Prince Harry Is Suing The Publishers Of The Mail For Libel

The story at the center of the lawsuit concerns the Duke of Sussex’s legal proceedings against the UK government as he seeks police protection for himself and his family.

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Prince Harry arrives for the funeral of Prince Philip, Duke of Edinburgh, at Windsor Castle on April 17, 2021, in Windsor, England.

Prince Harry is suing the publishers of the Mail on Sunday for libel, according to records filed in London High Court on Wednesday.

A spokesperson for the Duke of Sussex confirmed that Harry had filed a legal complaint against Associated Newspapers Limited only two months after his wife Meghan, the Duchess of Sussex, secured a victory in a London court of appeals against the company for publishing excerpts of a private letter she sent her estranged father in the Mail on Sunday and Mail Online.

The Sussexes and a spokesperson for ANL declined to comment on the details of the suit. A source with knowledge of the lawsuit confirmed to BuzzFeed News that Harry is suing over a story published Feb. 20 concerning his ongoing legal action against the UK government as he seeks police protection for himself and his family when they are in the country.

The story in question is headlined, “EXCLUSIVE: How Prince Harry tried to keep his legal fight with the government over police bodyguards a SECRET... then - just minutes after the story broke - his PR machine tried to put a positive spin on the dispute.”

As of Thursday, ANL has yet to issue a public statement or file a legal response; none of the mainstream outlets it owns — the Daily Mail, Mail Online, Mail on Sunday, Metro, Metro.co.uk, the i newspaper, and inews.co.uk — have written about Harry’s new legal action.

This is the second libel lawsuit Harry has filed against ANL since formally stepping back as a working member of the royal family in March 2020. In November 2020, he sued the publisher over a Mail on Sunday story and a Mail Online story that claimed he had “turned his back” on the Royal Marines after he was forced to give up his position as the ceremonial head of the elite UK military corps upon exiting formal royal life. Following that legal complaint, the Mail printed an apology to the duke and a correction on Dec. 26, 2020, stating, “We now understand that Harry has been in contact in a private capacity with individuals in the military including in the Royal Marines to offer informal support,” The outlet also claimed to have made a donation to the duke’s Invictus Foundation. The case formally closed in February 2021 with the duke being awarded £2,500 in damages.

The story at the center of the new lawsuit claims that the duke and his representatives purposefully sought to keep his legal action against the UK government for police protection out of the press and mislead journalists when the Mail on Sunday published its exclusive story breaking that news on Jan. 16. BuzzFeed News has reached out to the author of both Mail stories, Kate Mansey, for comment.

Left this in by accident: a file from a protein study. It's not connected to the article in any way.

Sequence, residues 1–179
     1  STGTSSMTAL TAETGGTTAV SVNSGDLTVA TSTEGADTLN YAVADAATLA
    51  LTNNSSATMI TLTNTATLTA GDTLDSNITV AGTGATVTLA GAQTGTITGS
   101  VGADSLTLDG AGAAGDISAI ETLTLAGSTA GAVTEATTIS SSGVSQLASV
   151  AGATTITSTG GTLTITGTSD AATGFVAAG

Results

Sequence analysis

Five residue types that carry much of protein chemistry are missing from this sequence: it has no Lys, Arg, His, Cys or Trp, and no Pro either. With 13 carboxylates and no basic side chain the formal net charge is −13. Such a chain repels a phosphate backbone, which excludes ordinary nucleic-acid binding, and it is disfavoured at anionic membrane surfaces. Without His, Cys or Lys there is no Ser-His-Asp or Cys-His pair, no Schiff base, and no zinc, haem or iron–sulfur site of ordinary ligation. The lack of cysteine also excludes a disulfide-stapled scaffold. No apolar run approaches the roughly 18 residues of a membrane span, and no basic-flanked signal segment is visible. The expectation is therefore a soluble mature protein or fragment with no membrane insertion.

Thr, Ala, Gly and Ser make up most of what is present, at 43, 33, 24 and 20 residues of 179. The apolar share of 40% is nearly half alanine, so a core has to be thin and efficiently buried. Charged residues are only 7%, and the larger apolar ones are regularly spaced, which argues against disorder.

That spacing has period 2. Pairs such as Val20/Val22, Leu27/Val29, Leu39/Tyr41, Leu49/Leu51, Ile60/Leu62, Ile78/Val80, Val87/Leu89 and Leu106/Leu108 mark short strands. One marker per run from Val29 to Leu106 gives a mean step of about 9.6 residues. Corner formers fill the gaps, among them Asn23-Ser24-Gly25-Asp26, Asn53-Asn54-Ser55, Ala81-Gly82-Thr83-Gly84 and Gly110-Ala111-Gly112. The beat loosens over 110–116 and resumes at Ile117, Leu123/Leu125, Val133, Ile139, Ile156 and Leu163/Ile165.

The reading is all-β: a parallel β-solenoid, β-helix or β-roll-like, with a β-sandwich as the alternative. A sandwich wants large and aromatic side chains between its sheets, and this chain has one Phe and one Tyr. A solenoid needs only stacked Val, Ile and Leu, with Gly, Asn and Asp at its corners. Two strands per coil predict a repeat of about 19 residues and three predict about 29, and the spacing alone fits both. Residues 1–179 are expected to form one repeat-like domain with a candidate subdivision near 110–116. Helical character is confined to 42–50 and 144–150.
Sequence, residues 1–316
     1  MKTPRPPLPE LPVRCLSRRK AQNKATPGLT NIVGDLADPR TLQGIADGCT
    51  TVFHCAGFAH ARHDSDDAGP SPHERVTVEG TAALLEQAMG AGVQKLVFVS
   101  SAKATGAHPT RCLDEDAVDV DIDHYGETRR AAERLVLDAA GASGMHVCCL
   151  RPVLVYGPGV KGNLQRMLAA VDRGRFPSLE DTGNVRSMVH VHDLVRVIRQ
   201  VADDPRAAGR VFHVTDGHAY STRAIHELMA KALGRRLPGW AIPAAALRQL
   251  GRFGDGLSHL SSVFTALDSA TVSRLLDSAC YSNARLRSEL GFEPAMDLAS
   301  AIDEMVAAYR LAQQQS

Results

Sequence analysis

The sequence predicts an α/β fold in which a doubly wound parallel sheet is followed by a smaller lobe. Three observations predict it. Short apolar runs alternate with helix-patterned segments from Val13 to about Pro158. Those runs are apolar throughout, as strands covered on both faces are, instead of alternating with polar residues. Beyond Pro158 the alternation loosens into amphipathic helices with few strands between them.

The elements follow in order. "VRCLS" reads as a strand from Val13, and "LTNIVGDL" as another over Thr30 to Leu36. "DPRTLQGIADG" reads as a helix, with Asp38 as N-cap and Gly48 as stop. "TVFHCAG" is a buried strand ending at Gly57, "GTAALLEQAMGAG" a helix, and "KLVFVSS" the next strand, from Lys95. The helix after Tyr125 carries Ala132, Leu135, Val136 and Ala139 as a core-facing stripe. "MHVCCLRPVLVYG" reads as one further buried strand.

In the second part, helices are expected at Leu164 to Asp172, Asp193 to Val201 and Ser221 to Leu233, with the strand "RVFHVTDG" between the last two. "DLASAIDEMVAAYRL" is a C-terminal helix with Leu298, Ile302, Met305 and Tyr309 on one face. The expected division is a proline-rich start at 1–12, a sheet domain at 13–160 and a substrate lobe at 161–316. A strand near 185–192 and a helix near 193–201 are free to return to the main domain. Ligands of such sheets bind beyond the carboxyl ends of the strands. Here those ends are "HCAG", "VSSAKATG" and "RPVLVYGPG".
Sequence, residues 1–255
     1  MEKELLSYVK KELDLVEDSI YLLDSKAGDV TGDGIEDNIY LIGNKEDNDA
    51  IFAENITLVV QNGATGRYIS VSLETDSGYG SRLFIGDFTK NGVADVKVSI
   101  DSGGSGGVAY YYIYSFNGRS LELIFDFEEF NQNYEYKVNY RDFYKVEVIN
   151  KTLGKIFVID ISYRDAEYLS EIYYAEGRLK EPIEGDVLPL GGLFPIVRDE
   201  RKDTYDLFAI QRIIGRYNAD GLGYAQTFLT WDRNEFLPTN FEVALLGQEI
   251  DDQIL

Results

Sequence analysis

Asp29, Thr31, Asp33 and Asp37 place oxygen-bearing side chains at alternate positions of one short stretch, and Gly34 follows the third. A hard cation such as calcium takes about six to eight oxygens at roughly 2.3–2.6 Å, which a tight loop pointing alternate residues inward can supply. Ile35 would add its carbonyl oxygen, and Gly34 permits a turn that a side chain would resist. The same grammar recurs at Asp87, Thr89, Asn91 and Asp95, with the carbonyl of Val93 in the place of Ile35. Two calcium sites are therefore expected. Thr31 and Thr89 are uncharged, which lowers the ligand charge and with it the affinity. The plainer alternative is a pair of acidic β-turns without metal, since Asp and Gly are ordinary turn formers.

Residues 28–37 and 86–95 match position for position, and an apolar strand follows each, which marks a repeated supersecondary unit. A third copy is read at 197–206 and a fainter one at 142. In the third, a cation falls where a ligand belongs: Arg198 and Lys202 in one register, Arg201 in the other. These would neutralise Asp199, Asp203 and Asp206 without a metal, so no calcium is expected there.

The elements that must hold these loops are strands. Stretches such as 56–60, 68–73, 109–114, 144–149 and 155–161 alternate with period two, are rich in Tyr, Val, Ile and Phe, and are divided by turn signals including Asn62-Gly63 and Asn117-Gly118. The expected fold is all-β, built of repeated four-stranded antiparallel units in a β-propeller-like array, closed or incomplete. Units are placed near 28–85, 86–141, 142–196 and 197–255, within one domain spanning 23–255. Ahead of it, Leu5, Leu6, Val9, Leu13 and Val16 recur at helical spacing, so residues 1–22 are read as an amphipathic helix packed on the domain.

NEW: Harry wanted a confidentiality order on his court battle with the UK government… And when I did break the story, his spin machine briefed friendly journos first with a gloss that led to inaccurate headlines. So much for ‘tackling misinformation’… #royal

Twitter: @KateMansey

The Mail on Sunday’s first story revealed that last year Harry filed a request for judicial review against the UK government, challenging a Home Office decision not to grant him police protection when he is in the UK. (You can read more about it in my story here, but essentially it means that Harry won’t have a motorcade or officers armed with guns for security.) Legal representatives for the duke claimed that he had offered to pay for this protection, as he pays for his security team in the US. However, the Home Office dismissed this offer as “irrelevant” in a hearing on Friday, stating that police protection “is not available on a privately financed basis.” The Home Office also challenged a number of the duke’s claims, stating that he did not initially offer to pay and that he and his family do, in fact, qualify for (taxpayer-funded) police protection depending on the reason for their visit to the UK. A judge is currently deciding which parts of the case should be made public.

An interesting component to Harry’s burgeoning lawsuit against ANL concerns the Sussexes’ press office and their policies with regard to different media outlets. In April 2020, shortly after their formal departure from working royal life, representatives for Harry and Meghan released a statement saying that they were cutting off four UK tabloids — the Mail, the Sun, the Mirror, and the Express. "There will be no corroboration and zero engagement," the statement read. They emphasized that this was not a policy for all outlets, just these four tabloids and their sibling publications. Harry and Meghan, the statement said, won’t “offer themselves up as currency for an economy of clickbait and distortion.” The Sussexes’ media team has not announced any changes to this policy over the past two years.